Sense and Responsibility

Courageous deeds bring out the worth of man: the battleground being the expanding landscape, where safety is off duty and menace ever nearby.

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“It never ceases to amaze me: we all love ourselves more than other people, but care more about their opinion than our own.”

Marcus Aurelius

To value the judgement of a person you despise and know to be faulty is idiotic. Cicero was correct: despicable people should not ever be held in high regard. Further, Livy says that ‘Nothing is less worth esteeming than the mind of the many.’ Many a time, we commit a great deal of energy to the undeserving and unbecoming – people who aren’t really worth our notice. And even knowing how little it’s worth, you decide to push aside that reality and disturb yourself with gratuitous pettiness. Trivialities are a futile means to unsettle yourself – and indeed, the mind of the many is reasonably distorted and fallacious. 

By a little sense, you will discover the indifference of the collective psychology; its counterblast and antagonism should not be your concern. If you invest too much in the unworthy, you mislead yourself and misplace your precious time. It is useful to know who merits your time and who doesn’t; who will be constructive and who will be destructive. Often, it is tougher to form an accurate judgement yet unchallenging to form a mistaken one and straying away from effectiveness. Time and again, men are immoderately attentive to futile things that inhibit their own fruitfulness, unknowing of what is rewarding and gainful – if you don’t know what to dispose of and what to retain, you will naturally confound yourself. When you know something ought to be thrown away yet disdain doing so, you shall carry along its disagreeable reactions. On the other hand, when you know something is worth holding on to, you shall likewise carry along its agreeable benefits. 

Accordingly, not all weights are worth carrying and not all pleasures worth savouring. The obstructive and wounding burdens inflame and multiply by time: these are the very misfortunes you had the liberty to stay away from yet ignorantly acceded to. Oddly, you tend to dismiss worthwhile burdens in pursuit of bearing the detrimental ones. Enriching duties are a threat to the weak and detrimental ones a temptation and a trap. The former owing to cowardice, the latter to wretched blindness and indisposition.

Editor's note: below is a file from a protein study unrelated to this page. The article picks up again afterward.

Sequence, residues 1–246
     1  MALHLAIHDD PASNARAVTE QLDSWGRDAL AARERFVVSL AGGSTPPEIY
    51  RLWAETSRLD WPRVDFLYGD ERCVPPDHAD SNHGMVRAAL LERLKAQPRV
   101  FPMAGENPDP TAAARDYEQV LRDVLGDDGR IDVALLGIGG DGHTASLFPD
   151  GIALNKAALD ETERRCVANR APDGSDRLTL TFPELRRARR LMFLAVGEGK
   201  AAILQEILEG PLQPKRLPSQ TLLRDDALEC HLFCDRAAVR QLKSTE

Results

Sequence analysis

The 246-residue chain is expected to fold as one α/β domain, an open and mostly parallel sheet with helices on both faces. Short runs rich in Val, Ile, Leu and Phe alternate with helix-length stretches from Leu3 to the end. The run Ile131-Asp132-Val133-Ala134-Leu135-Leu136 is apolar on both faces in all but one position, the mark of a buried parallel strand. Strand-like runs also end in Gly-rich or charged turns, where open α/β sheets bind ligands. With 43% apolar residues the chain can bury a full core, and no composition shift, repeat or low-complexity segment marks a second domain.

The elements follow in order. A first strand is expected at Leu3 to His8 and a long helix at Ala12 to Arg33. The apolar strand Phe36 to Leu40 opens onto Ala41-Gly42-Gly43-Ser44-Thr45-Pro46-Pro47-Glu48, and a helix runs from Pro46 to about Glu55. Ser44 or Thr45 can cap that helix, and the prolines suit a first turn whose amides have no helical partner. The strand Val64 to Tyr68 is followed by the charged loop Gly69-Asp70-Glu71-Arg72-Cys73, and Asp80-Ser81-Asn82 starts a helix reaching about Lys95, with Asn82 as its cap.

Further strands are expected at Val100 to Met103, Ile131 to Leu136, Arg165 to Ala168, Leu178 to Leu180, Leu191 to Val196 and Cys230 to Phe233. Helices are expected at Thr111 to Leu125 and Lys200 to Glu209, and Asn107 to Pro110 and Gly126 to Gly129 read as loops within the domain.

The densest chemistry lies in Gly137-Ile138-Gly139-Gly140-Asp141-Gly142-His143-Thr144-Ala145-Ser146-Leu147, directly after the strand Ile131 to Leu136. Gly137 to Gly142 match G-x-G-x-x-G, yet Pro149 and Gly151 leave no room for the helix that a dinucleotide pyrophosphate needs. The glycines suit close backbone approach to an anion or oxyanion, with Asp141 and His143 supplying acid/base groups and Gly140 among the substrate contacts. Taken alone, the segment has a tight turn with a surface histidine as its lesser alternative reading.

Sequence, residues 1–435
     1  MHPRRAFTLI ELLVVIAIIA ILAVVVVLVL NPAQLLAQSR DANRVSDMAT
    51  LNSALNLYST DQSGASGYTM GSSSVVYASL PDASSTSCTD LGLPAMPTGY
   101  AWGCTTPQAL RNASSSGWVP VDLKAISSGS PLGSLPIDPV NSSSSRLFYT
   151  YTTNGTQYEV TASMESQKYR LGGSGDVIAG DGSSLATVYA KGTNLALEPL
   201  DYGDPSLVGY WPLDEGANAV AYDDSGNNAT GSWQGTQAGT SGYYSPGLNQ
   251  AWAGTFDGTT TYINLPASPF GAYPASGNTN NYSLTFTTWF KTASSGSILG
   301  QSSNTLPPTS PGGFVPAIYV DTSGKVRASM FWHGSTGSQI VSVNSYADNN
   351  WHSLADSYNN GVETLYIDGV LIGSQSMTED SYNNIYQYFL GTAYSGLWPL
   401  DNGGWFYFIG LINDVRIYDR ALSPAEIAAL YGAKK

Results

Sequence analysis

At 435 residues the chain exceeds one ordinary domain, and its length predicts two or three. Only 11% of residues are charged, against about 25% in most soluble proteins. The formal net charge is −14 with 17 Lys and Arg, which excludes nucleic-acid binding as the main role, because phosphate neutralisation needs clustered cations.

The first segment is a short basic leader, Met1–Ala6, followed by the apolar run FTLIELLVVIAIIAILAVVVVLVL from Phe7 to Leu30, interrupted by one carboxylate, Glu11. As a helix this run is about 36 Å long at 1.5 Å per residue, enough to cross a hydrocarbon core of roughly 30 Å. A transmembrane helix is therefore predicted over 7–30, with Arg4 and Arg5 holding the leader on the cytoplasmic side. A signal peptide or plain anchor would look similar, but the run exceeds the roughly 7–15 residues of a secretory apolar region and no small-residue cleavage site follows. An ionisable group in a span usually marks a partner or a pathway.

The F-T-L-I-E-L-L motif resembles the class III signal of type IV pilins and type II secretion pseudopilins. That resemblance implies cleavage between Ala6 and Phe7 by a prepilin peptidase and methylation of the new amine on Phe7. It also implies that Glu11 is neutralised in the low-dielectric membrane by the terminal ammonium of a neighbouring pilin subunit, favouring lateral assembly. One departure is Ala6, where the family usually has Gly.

Aurelius was unerring when he observed the bizarre nature of man: so self-absorbed yet so concerned of others’ judgements of his nature; even more than his own. Vanity is not a detour that releases you from a lack of confidence. If you manage to curb and refine your egotism, amending any uncertainty and reforming your flaws, you will come to understand the clear edges of the external world; what is controllable and what isn’t. It appears to me that man’s vanity tends to come more from a posture of self-doubt than conviction. For if man was assured, he wouldn’t trouble himself by slights or feel injured by opinion. Such is the mark of man’s wretchedness; there is no other creature who matches up to his misery. 

Apollo and Marsyas, by Bartolomeo Manfredi

Misery makes you fragile, often self-pitying. And by wretchedness, you misjudge things. If you were firmer and less wretched, you would bear well founded judgement to tell things apart – you would not bother yourself with anything indifferent; your chief concern would be with things within reach. The poor and pitiful retard their might by clinging to outward things for safety and ease – they neither mature nor learn the art of self-government. Dependency is insecurity: if you were self-governing, your chief concern would be your opinion of yourself, not others’ of your own. You wouldn’t lie to or misdirect yourself to escape a troublesome reality. Other people are not the problem, how you deal with them and what you think are the seed of misfortune. You conquer yourself by breaking off the chains of attachment and journeying away from home. Look inside, not outside, to discover what you’re made of. 

You can’t cling indefinitely, this apparent protection you discern in others is also tarnished by insecurity, as everything – you’ll never have total security. Being forever reliant and helpless, you never sense responsibility; you don’t grow ripe. True sovereignty is found outside the limitations of dependence through realizing the extremities of resilience. Dependence doesn’t exercise resilience and bravery scarcely manifests in the needy. Neediness is deprived of bravery: would they be so needy if they were more manly? Courageous deeds bring out the worth of man: the battleground being the expanding landscape, where safety is off duty and menace ever nearby. It is toil, hardship and patience – necessities that brush up character as you find out how to reconcile yourself to challenging duties. So, it is not dependence that directs virility, but your separation from it that will be the message-bearer.  

Don’t allow reality to pass you by unnoticed. An existence curbed by ease and comfort is improper of man. Man has a moral obligation to cut the cord and burst the borders of subjugation to uncover and regain his merit. It is not so much about being optimistic as it is about your readiness to shoulder a threatening endeavour – in the grand scheme, confronting danger provokes the desirable transformation. Your treasured strengths lay barren amidst repose, but are honed amidst the hardship of heroic deeds. Man ought to habituate himself to difficulty to master his over-reliance. By learning how to deal with difficulty, you grow the thunderous monster within.


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